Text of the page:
The problem with the secondary theology and its arguments is that it may inadvertently shatter the foundations of our moral and religious consciousness.  Undermining the most primal perceptions about the people around us, about our experiences, and about our power of judgment, may well do away with the moral and religious basis of existence.  What is supposed to determine the worth or significance of actions, if not our judgment – which is precisely what is being called into question? How are we to evaluate people? How can we know the difference between good and evil?


If I cannot know the identity of the soul that is now standing before me, if I am convinced of the principle of reincarnation,[1] then how am I to relate to this person, to his sins, to his suffering? Is it good that he is suffering, in order that his sins may be repaired, or is it bad? Does his suffering arise from his own failings, or may it be traced to some previous level of spiritual existence? Can we ignore all of this on the level of concrete human and religious existence, relegating the principle of reincarnation to the realm of theology alone?


How can we establish any sort of religious order of values, or an educational approach, or social standards, if we cannot truly know what is serious and what is trivial? There is no society that does not have its own hierarchy of values and actions.  If we truly do not know what is worse than what else, what is important and what is insignificant, then where do we start? What is left for a rabbi to talk about on Rosh ha-Shana, before the sounding of the shofar?


Does the awareness that we live in a generation of "birth-pangs of the Messiah," and that the regular laws and processes are not applicable – does this not render our religious life, and our expectations of God in the present, completely baseless? If anything could happen right now, and we have no way of knowing, nor even of entertaining any reasonable hope, that there is some connection between our actions and their results, since we are living in a time of "birth-pangs of the Messiah" – then what is supposed to motivate our religious service of God?


Meaningful grappling with these difficulties is an exercise in worshipping God "for its own sake" – i.e., building morality and religion only on the positivist basis of Halakha and the inner value of the actions themselves, devoid of any significant existential or objective basis.  For instance, I may mourn because Halakha demands it in my situation; I may even feel sad - for the same reason; but not because death is inherently bad.  I may keep myself distant from irreligious people, or even hate them, because I think Halakha demands this of me; but not because I myself believe that they are any more sinful than I am.  According to this approach, halakhic rules are perceived as purely normative statements, with no significant weight in terms of values.[2]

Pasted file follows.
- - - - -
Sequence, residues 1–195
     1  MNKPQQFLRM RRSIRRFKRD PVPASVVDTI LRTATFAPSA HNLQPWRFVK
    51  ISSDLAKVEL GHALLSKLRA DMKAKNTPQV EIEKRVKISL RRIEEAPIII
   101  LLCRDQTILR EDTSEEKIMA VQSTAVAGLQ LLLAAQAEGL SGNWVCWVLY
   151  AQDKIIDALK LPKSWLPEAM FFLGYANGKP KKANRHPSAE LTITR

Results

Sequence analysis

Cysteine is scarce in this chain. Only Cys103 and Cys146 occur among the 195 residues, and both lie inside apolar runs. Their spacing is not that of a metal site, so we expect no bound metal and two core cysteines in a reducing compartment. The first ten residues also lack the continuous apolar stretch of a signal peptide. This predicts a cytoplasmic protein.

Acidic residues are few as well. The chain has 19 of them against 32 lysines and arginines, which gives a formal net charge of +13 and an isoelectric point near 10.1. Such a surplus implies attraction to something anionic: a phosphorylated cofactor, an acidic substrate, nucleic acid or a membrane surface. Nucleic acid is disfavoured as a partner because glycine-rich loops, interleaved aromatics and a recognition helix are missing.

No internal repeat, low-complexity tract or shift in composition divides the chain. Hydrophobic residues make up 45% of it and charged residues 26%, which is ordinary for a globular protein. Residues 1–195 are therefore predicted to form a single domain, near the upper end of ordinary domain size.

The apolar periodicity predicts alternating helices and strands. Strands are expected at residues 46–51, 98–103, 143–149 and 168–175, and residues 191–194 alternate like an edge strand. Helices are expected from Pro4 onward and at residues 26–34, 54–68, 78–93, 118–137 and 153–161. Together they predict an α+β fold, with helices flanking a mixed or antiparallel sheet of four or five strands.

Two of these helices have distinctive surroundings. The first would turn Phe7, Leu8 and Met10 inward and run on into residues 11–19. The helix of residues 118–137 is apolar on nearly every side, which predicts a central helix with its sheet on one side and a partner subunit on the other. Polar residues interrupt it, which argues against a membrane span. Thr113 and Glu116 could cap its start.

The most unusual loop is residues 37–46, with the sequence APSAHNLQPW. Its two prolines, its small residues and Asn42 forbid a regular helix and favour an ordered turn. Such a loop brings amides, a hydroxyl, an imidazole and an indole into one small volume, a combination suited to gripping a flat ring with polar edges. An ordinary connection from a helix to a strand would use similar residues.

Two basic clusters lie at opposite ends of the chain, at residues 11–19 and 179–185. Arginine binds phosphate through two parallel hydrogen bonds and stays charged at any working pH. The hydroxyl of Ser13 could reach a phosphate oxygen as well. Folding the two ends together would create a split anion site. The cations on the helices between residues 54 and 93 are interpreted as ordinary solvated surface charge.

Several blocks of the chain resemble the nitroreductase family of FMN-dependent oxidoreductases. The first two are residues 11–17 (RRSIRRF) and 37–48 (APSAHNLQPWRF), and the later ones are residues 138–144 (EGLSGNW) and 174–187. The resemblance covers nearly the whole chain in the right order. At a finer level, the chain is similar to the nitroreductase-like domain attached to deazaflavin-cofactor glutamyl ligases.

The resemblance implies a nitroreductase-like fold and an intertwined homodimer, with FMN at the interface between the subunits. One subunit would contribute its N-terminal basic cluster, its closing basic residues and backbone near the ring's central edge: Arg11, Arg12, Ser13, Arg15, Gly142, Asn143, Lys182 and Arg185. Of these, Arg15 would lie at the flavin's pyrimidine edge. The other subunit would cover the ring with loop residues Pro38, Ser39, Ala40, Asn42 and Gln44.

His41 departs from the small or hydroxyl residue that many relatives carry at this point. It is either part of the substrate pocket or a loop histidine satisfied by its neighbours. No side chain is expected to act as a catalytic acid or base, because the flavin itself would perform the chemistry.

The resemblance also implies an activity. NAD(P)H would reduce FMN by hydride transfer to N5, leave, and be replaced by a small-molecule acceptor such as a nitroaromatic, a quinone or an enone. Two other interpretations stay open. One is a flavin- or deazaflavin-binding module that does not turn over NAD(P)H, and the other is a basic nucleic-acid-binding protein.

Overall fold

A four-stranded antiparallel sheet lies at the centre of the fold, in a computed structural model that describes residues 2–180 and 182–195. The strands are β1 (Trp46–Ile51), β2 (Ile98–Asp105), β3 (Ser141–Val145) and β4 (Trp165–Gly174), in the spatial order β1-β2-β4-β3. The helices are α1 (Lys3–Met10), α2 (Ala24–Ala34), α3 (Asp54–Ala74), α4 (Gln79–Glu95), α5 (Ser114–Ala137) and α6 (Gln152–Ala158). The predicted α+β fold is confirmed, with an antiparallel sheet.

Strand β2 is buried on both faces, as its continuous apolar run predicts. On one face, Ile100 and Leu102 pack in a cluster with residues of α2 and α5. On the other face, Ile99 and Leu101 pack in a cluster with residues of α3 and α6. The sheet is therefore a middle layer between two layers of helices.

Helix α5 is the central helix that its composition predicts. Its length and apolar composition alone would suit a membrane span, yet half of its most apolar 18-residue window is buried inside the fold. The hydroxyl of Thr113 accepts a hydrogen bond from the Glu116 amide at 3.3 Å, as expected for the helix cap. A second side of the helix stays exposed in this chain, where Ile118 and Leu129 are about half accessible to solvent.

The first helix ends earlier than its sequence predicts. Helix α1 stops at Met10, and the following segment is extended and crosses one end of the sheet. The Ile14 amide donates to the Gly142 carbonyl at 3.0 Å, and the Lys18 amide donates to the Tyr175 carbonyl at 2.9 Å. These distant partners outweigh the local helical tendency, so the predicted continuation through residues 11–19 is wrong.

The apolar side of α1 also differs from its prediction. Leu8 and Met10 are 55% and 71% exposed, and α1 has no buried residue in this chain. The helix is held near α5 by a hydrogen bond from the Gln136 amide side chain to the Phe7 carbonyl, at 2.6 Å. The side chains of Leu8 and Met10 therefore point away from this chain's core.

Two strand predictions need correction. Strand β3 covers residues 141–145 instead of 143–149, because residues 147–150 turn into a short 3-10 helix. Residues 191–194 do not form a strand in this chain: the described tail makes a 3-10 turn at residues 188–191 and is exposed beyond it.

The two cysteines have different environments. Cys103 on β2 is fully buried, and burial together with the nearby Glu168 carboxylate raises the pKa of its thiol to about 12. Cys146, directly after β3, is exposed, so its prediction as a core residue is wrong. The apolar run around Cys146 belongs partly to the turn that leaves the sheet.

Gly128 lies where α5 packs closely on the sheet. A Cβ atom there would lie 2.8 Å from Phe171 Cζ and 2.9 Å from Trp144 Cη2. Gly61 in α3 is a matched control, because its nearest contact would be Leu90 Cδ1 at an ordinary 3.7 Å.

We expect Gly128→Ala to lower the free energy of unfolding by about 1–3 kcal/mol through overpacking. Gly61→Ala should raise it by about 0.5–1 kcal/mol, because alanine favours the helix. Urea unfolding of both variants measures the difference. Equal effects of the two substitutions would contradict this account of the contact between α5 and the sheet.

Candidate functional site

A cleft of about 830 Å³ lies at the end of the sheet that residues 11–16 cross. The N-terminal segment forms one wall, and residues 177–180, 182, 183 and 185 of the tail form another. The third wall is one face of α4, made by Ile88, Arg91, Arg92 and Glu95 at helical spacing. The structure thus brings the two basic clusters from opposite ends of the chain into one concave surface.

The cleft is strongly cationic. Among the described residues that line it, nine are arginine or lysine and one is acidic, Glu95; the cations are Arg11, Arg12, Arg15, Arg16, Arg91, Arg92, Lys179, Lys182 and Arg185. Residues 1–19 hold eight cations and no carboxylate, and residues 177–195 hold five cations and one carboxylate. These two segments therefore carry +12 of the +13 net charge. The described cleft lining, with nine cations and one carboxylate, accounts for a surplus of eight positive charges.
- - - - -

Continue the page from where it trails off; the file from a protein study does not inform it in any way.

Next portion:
However, the thinking that accompanies religiosity "for its own sake" may create a new educational and moral problem.  Such a view may serve as a catalyst for a religious culture that is technocratic, at best, or – at worst – a false religiosity (having a distorted scale of values, failing to distinguish between the inner and outer aspects, etc.).


Ultra-Orthodox society, then, and especially its educators and leaders, are faced with a choice between the theological difficulties arising from the wholehearted acceptance of the principle of retribution which they espouse, and the existential and educational crisis that may be created by the secondary theology with its apologist tendencies.


Obviously, there is also a third possibility: a complete abandonment of the principle of Divine retribution in relation to the Holocaust, and the proposal of some other explanation.  We shall explore this option in a future lecture.


Translated by Kaeren Fish


[1]  Obviously, I have no wish to discuss this principle in and of itself and to entangle myself in debate with mystical masters who are far greater than I.  The discussion here concerns the relevance of the principle of reincarnation to our religious life and its ability to provide us with a more accurate view of history, of God, and of man.  There are some beliefs that are suited to "tzaddikim," but regular people should not meddle with them.

[2] For instance, the rule that a commandment of greater weight takes precedence over a commandment of lesser weight is a purely normative instruction (i.e., it tells us how to act), teaching us nothing about the inner value of the matters involved.